Life in lockdown

Published on 08 July 2020 Go back to The ACU Review
Lau Image 2 (Image By NIAID Licensed Under CC BY 2.0)

The COVID-19 pandemic has left many struggling with their mental health. But research also points to our capacity for growth and altruism in the face of adversity.

By Joseph TF Lau, Chinese University of Hong Kong

COVID-19 has plunged the world into a state of uncertainty. As the slow emergence from lockdown begins, many warn of a looming mental health crisis as the psychological impact of the pandemic shifts into focus. While some countries may be experiencing the full effects of a major pandemic for the first time in decades, we in Hong Kong can draw on our experiences of the SARS outbreak to give us a head start in understanding how and why pandemics affect our mental health.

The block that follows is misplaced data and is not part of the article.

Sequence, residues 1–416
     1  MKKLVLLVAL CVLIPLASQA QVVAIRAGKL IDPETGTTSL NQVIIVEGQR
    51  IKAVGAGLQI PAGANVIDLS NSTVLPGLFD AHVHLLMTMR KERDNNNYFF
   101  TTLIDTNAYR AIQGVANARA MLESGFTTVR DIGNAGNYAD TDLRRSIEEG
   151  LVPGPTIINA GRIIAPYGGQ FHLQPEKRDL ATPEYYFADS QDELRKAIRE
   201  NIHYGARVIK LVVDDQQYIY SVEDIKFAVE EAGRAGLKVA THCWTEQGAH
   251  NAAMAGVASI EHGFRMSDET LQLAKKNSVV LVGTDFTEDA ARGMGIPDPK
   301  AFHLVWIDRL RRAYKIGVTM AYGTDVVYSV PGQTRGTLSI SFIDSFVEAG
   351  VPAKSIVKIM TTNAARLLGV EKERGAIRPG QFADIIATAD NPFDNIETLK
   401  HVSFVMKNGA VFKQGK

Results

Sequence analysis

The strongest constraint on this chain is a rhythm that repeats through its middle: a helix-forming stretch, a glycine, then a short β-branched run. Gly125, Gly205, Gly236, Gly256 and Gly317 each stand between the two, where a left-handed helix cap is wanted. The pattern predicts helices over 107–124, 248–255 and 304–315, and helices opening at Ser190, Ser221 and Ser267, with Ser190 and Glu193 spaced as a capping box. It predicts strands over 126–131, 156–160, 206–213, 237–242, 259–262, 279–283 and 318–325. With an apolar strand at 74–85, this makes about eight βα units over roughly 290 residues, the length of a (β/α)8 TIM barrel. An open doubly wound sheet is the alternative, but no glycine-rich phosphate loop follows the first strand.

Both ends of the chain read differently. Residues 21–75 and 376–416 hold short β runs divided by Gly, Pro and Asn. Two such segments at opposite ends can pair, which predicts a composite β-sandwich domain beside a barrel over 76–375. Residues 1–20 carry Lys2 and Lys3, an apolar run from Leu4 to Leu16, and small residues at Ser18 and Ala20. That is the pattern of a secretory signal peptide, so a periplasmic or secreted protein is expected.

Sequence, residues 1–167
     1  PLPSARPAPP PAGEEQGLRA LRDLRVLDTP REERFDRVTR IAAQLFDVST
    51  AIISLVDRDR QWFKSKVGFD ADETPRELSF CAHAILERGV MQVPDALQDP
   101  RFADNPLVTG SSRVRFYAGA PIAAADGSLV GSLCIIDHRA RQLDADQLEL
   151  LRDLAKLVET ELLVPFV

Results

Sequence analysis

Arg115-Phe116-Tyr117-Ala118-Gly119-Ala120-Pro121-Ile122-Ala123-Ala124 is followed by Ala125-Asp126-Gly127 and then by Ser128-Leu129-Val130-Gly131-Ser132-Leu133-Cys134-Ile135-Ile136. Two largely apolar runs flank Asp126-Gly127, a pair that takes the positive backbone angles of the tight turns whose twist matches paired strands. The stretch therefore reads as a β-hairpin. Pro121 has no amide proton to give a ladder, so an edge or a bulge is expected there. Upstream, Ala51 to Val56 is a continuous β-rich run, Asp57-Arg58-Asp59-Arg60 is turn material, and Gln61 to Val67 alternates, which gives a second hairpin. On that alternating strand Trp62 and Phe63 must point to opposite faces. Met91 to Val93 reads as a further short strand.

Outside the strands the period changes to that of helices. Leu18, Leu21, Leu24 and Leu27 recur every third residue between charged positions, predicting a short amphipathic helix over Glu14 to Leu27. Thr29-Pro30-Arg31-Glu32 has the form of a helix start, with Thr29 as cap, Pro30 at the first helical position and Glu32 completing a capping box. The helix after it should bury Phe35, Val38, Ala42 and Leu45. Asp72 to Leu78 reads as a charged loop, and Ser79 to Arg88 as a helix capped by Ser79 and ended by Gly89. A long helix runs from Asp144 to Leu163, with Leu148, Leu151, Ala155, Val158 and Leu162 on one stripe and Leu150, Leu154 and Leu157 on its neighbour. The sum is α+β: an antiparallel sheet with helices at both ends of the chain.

Stressors and unknowns

An important reason why outbreaks like COVID-19 pose such a significant threat to wellbeing is that they increase the risk factors – known as stressors – which contribute to poor mental health, while simultaneously limiting those aspects of life which can otherwise help to protect our emotional wellbeing.

Lockdowns, social distancing, quarantines, travel bans, and school closures have turned normal life upside down and are all stressors in themselves. But they also increase the risk of isolation and loneliness – potent risk factors for mental health problems. Studies tell us that social distancing and working from home can take a toll on healthy lifestyle habits that may otherwise ward against a low mood, such as physical activity, a healthy diet, and good sleep. Importantly, the quality of social relationships and support networks is changed by social distancing at a time when social support is more important than ever.